Continued from previous: Just “The Colt”
Buck showed me some tricks I could do with a soft rope. First, he demonstrated that I could flip the rope over the colt’s back, then catch the end with my boot when it swung under his belly. With one end of the rope in each hand I was taught to rub back-and-forth like a shoeshine boy. I rubbed back-and-forth from withers to flanks and down over the croup to slowly drop down around the hind legs. There was some kicking at first,but I was admonished to keep strapping until he stood still.Then I would flip the rope up over his back and continue rubbing.This way I didn’t have to be close enough to the colt to get kicked. At one point, Buck indicated that I should quit. I didn’t know until many years later that what he was looking for was the colt to lick and chew, indicating relaxation.
Over the next few weeks I was told to start rubbing him with a “croaker sack” (burlap bag), then with a saddle blanket. When Buck saw that I was able to flip the saddle blanket all over him, he let me put a saddle on him. At first I was to girt him up snug, but not super tight. At that point we went out to the working pen. There he was introduced to the work on a long rope for a few days. Finally Buck dallied the colt up to his stallion and indicated I was to crawl aboard. From that point we went so slow that the colt never never felt a big change from one stage to the next. Buck always said “Don’t never let’em buck! They don’t learn nothing from it but how to buck better. If you want to ride bucking horses, go pay your entry fee at a rodeo.”
The first horse that I ever “gentled” and started under saddle that was not my own colt was a flop-eared two year old quarter horse. If he had a name I never knew it. He was just “the colt“. My mentor, Buck, instructed me to tie the colt up to the iron ring in the barn and brush him every day.
Well, first of all, the floppy ears were more like horns on a bull. He was so nervous and scary that when I went to put a halter on him he snorted so loud I jumped back! There was no way I was going to put a halter on him. Heck, I couldn’t get that close. When I did get close he look like he was going to kick, paw, or eat me. I finally got a rope on his neck so that I was able to halter him. He had very little idea about leading, so it took a good half-hour to get him to the ring. The next challenge was to get close enough to him to begin brushing him. I started with a soft brush on his neck just in front of the withers the first day. That was all I got done the first day. By the end of the week I could brush him pretty much all over,if I was careful, and slow, and deliberate. Eventually, it being spring, he would come in with dried mud on his long winter hair so I even got to the point that I could clean off the mud and some early slipping hair with a sheddin’ blade. After nearly a month I was handling him and brushing him with relatively little problem, except for those ears, and the occasional buck-snort when he thought I’d moved too fast. (to be continued)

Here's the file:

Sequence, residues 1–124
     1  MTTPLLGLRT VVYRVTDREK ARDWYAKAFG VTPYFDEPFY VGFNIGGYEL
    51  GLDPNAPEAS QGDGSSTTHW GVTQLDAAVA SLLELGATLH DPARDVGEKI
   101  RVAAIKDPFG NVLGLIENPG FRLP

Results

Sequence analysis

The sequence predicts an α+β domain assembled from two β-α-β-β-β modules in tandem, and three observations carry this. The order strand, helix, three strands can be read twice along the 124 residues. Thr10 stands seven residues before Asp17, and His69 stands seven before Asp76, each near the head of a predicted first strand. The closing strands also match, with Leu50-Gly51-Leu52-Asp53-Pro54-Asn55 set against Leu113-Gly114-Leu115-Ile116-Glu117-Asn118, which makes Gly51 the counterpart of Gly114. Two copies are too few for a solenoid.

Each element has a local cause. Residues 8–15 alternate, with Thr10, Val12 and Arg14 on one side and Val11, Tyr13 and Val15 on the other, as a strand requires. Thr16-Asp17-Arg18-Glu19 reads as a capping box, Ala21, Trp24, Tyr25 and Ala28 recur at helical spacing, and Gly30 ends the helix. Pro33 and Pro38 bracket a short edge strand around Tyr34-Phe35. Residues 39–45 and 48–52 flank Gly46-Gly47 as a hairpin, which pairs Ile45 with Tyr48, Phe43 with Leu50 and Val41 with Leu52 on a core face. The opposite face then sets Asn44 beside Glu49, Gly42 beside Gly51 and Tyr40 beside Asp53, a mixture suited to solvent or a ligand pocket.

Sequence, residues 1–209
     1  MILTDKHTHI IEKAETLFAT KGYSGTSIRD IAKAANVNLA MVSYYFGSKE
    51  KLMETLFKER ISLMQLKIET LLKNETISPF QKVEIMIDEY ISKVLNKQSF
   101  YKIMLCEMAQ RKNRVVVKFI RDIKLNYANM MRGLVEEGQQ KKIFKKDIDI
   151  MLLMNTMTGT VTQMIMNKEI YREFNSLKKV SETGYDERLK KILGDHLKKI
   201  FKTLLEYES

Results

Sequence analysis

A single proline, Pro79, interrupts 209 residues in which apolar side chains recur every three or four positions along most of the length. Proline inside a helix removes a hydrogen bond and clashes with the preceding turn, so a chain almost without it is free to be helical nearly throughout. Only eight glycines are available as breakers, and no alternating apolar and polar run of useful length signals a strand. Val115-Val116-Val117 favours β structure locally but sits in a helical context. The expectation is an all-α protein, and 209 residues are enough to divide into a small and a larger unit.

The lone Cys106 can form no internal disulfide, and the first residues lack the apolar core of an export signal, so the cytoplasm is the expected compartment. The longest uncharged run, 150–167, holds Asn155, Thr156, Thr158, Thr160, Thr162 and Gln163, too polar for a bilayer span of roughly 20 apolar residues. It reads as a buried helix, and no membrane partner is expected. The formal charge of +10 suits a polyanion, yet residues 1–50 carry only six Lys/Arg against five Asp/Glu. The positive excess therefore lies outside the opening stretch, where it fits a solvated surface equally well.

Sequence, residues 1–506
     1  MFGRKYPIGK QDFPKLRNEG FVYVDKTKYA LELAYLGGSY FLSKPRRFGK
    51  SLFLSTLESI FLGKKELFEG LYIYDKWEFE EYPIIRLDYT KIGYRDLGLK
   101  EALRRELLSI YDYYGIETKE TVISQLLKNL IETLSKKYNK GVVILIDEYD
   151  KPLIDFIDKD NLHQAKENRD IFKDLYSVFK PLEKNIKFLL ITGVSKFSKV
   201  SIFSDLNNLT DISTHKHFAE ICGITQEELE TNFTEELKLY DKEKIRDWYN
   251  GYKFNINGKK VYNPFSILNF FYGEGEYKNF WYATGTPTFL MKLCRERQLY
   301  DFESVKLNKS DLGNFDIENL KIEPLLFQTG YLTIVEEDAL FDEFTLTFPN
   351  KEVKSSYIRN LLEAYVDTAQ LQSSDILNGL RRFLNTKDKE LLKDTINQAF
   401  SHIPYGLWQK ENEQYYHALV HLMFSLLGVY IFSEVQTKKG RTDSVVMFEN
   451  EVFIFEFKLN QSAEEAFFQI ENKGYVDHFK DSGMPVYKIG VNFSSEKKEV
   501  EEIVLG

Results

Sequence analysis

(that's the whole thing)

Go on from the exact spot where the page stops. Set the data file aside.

I thought I’d share a few words about liberty work with young horses, or even older rehabilitation project horses. What we’re trying to do with this is a sort of Yang/Yang thing that involves trust on the one side, and respect on the other.
First, I want a horse to move when I tell him to move. Then, I want him to willingly come to me, and stay beside me while I rub on him. In the small pen that starts with making noise or waving objects to make the horse move. But it’s not about wearing him out so he’ll be too tired to flee or kick or buck. An untrained animal is never too tired to kick into “evasion” gear!
As a horse is moving around the perimeter of a square or round pen he will give indications of beginning to work with you. One of the earliest signs is that he slows down, then points his inside ear at you. The way the horses vision works causes him to point an ear in the direction of his concentration. Next, he will stop, and if he faces you, and begins to lick and chew, you have achieved your goal. If he turns away, well, he gets to run more, until he figures out that it’s better to turn toward you. The next thing I work on is to walk around the side of the horse until he takes one step away from me with a hind foot. When he does,I turn away, to reward him. This gets repeated multiple times on each side. At some point, he will actually add one step toward me with a front foot. When he does, that session is now over. He goes back to the stall. He has now shown me some willingness to work, some curiosity, even maybe the beginning of trust.
So there you have started a conversation. He obeys your signal to move, and yet he shows some trust by moving toward you. In repeated sessions this mere spiderweb of trust can build into a strong bond, as long as you keep the rules of engagement in mind: ask frequently, expect little, reward the slightest try. The best reward? Turn and Walk away.
I make sourdough bread every week sometimes two or three times. I keep believing that I’m going to master the art of making a big elastic, airy, flavorful loaf. But each time it’s a crapshoot. Here lately, I’ve made some pretty nice loaves of sourdough bread with big bubbles in them, light in weight, and very edible. At least that’s what my family tells me! But then, some days I’m so disappointed at the results that I spend the rest of the day touchy as a teased rattlesnake. The hounds clear off the porch like turpentined cats when I burst out the front door to throw bread out into the pasture! The only thing worse for a feller’s self-esteem is trying to make a pie crust out of gluten-free flour! It won’t roll out and stay together like real pie dough. You end up putting it together in the pie pan like one of those thousand piece puzzles. On days when I have to do both piecrust and sourdough bread I get close to just unplugging and saddling up and riding off into the sunset.